Read InsideCounsel’s May feature about the current e-discovery landscape.

Why do litigants continue to underuse a powerful tool that could cut the often-considerable costs of privilege review? Under Federal Rule of Evidence 502, a court can order (or parties can agree) that inadvertent disclosure of privileged material doesn’t constitute a waiver of privilege. Under such a Rule 502 clawback order, parties are allowed to exchange information without conducting an exhaustive (and expensive) privilege review or logging every privileged document and withholding it. The order allows accidents to happen—and they do, constantly, says Ken Withers, director of judicial education for the Sedona Conference—without being deemed a waiver.

“It’s a very powerful tool to reduce the cost of privilege review, which is one of the most expensive parts of discovery,” Withers says. “But no one uses it. Why? It’s a fairly new rule—only about three years old, so some people don’t know what it is. And second, people … have a number of reasons why they’re willing to pay out the nose for extremely extensive two- and three-tier reviews before production,” including protecting trade secrets and simply avoiding the release of embarrassing information.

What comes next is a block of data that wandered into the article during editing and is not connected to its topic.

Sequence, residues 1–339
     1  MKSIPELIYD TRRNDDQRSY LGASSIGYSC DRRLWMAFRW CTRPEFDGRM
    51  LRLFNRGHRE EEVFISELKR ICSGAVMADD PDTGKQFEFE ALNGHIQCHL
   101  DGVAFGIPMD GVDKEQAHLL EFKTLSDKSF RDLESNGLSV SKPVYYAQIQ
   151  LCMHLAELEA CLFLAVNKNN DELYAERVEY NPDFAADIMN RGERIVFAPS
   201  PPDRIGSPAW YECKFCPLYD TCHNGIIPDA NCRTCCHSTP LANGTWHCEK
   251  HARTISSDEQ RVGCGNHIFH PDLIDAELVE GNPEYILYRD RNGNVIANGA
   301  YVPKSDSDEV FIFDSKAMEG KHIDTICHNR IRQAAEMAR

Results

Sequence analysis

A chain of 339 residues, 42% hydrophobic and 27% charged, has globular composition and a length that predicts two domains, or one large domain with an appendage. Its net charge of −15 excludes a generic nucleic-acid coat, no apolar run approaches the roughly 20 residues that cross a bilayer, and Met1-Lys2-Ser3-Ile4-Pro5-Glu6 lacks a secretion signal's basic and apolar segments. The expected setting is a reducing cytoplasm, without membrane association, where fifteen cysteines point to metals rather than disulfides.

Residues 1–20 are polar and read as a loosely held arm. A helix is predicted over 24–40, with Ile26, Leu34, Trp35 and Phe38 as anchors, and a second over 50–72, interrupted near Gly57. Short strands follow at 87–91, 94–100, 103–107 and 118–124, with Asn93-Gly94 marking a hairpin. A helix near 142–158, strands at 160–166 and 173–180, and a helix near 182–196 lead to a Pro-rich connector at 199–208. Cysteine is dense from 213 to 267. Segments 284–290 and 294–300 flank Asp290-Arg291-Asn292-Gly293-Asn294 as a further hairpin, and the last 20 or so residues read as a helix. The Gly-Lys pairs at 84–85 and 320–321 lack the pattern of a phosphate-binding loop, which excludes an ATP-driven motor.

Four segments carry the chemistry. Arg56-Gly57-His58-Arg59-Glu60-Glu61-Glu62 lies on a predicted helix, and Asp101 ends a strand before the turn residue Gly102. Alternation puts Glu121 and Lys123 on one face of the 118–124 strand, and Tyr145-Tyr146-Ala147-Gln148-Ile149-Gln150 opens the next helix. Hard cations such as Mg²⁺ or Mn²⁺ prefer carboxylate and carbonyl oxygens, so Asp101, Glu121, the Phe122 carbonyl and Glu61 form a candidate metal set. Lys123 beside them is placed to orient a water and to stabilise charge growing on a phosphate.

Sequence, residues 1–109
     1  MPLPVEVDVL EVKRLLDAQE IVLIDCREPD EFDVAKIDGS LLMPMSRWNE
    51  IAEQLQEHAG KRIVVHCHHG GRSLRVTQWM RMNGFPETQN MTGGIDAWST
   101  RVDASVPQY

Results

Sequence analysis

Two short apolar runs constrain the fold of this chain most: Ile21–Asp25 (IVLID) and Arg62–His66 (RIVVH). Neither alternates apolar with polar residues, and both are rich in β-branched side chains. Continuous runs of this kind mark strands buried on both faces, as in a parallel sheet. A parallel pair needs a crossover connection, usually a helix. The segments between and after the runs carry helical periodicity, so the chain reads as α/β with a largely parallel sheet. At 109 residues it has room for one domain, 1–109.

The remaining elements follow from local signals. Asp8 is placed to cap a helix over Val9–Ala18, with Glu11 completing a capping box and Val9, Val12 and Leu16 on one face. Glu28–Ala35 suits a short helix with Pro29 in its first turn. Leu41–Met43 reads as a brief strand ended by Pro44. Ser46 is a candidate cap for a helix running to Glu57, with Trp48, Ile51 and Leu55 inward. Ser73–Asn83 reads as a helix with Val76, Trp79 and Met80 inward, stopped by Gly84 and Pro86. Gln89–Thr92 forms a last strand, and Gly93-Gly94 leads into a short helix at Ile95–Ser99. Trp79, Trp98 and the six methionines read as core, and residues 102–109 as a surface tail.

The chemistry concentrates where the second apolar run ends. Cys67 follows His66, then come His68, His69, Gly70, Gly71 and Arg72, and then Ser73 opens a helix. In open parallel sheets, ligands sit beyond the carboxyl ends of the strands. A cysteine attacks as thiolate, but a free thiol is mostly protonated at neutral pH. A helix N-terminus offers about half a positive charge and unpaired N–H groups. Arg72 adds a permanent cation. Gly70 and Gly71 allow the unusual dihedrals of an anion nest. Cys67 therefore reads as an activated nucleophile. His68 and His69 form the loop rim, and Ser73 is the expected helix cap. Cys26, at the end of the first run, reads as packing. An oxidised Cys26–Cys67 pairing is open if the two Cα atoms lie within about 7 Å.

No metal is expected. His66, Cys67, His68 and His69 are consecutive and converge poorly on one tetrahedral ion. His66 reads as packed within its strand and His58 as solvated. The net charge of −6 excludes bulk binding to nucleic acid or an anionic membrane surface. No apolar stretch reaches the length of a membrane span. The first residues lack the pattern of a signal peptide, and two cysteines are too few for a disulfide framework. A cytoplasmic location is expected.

In Rajala v. McGuire Woods, LLP, a federal magistrate judge for the District of Kansas in 2010 agreed to the entry of a protective order containing a clawback provision, which McGuire Wood had proposed and the plaintiff argued against. “[This] case is precisely the type of case that would benefit from a clawback provision,” wrote U.S. Magistrate Judge David Waxse. “Such a provision will permit the parties to conduct and respond to discovery in an expeditious manner, without the need for time-consuming and costly pre-production privilege reviews, and at the same time preserve the parties’ rights to assert the attorney-privilege or work product immunity.”

But in a twist, the plaintiff in the case would go on to benefit from the clawback provision after inadvertently producing a privileged communication. Waxse in February 2013 agreed with the plaintiff’s argument: “McGuire Woods cannot be allowed to disregard the clawback provision now that such order controls the analysis of issues, particularly given that Plaintiff has relied upon the provision in deciding how to perform document production and ESI productions in a time- and cost-effective manner.” Because of the protective order’s clawback provision, the production did not constitute a waiver of privilege and the plaintiff retained the ability to designate the document as protected by the attorney-client privilege.